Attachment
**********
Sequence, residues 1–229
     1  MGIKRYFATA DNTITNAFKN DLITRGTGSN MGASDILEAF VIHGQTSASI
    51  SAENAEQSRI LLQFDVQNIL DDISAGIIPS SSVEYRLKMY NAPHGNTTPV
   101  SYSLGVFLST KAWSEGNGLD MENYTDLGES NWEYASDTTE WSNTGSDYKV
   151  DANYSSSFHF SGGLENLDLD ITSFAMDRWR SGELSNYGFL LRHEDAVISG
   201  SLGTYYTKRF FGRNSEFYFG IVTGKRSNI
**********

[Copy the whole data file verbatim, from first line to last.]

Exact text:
Sequence, residues 1–229
     1  MGIKRYFATA DNTITNAFKN DLITRGTGSN MGASDILEAF VIHGQTSASI
    51  SAENAEQSRI LLQFDVQNIL DDISAGIIPS SSVEYRLKMY NAPHGNTTPV
   101  SYSLGVFLST KAWSEGNGLD MENYTDLGES NWEYASDTTE WSNTGSDYKV
   151  DANYSSSFHF SGGLENLDLD ITSFAMDRWR SGELSNYGFL LRHEDAVISG
   201  SLGTYYTKRF FGRNSEFYFG IVTGKRSNI